So you replace the tablet often??? Tablets screens will crack on a single drop if the screen lands on a hard surface [youtube.com] or usually shatter if the tablet lands on an edge as well.

      • I bought a cheap 7" Android 4.1 tablet from a company called Mediasonic in July 2012.

        I bought it for my kids, and got it on sale for about $80 (+tax & shipping).

        My kids are (now) 2 and three years old.

        Surprisingly the tablet still works despite constant abuse from my kids. I should havr bought two, but I didnt think my kids would fight over it as much as they do.

    • by Vicarius (1093097)

      Why?

      Folks at Seagate also want to eat.

      • The folks selling horse buggies/carriages also needed to eat. Don't tell me nobody working at Seagate saw the writing on the wall: the future is solid-state storage. Seagate, Western Digital and the others should be working with SSD technologies and funding holographic 3D storage technologies, not advances in soon-to-be-dead spinning physical media.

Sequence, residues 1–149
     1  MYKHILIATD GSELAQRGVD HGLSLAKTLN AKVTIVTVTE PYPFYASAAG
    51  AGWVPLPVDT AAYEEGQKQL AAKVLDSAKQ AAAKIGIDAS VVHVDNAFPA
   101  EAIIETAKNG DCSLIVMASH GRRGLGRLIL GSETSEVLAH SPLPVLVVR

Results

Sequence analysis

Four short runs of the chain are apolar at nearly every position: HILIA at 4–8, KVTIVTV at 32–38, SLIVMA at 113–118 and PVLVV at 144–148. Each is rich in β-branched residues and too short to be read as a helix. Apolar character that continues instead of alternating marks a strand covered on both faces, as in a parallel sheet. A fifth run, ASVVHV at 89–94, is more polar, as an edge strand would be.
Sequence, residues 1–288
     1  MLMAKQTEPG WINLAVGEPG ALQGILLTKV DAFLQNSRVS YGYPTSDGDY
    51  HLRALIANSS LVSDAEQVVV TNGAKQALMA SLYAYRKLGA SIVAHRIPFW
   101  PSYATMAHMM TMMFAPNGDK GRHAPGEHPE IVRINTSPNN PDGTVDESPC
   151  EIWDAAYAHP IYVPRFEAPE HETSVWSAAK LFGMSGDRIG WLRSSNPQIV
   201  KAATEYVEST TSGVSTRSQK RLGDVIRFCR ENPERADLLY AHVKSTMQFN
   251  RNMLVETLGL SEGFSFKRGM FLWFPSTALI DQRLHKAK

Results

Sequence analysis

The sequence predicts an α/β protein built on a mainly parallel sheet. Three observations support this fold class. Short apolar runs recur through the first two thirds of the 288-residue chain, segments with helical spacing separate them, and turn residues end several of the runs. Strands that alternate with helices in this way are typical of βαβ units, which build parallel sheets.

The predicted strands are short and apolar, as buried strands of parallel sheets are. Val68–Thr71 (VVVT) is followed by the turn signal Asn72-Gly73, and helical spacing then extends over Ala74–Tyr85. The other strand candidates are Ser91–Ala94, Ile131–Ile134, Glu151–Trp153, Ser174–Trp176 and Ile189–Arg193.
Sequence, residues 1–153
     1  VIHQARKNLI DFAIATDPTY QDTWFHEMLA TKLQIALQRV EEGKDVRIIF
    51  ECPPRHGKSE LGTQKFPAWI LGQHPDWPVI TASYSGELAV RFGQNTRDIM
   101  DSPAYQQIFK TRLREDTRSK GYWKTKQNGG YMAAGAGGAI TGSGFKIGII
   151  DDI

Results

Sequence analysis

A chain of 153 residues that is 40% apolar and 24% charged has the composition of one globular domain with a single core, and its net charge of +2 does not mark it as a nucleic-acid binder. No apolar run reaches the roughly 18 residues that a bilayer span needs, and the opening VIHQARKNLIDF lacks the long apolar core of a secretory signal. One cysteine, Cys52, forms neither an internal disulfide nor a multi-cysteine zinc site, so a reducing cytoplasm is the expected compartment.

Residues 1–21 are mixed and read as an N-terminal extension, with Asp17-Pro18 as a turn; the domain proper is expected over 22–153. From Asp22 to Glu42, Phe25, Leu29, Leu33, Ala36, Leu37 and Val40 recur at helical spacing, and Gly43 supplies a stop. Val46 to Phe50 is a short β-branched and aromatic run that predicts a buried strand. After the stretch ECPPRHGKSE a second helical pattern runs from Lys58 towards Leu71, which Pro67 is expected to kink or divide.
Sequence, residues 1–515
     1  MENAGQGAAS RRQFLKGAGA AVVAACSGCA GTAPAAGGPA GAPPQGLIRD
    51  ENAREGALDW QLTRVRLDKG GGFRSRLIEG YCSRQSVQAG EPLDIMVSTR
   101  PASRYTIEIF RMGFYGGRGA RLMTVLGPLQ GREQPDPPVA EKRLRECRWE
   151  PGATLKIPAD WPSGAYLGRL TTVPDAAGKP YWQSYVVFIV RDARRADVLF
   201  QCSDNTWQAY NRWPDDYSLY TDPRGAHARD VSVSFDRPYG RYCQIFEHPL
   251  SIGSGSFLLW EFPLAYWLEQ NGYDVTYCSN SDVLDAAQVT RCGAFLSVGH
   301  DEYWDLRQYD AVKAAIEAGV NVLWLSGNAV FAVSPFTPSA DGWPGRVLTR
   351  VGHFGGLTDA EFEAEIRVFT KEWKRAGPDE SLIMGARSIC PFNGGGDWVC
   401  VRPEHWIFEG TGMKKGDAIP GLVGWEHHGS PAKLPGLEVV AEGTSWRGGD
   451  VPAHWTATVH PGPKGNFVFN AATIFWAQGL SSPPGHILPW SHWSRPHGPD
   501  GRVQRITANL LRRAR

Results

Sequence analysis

• Literally, throw tables on tables, drop them on the floor, all sorts of shit.

    Seagate needs to get on the SSD bandwagon or shut up. A tablet with moving parts is pretty retarded.

    • by jedidiah (1196)

      Sounds a lot like what a kid might subject a disk based iPod or Archos to.

      We've already been there and done that. Spinning rust is not nearly as fragile as the fashinistas of tech want you to think.

      "bandwagon" is the word for it. Usually associated with mindless following and bad rhetoric.

  • by gstoddart (321705) on Monday September 09, 2013 @02:40PM (#44800727) Homepage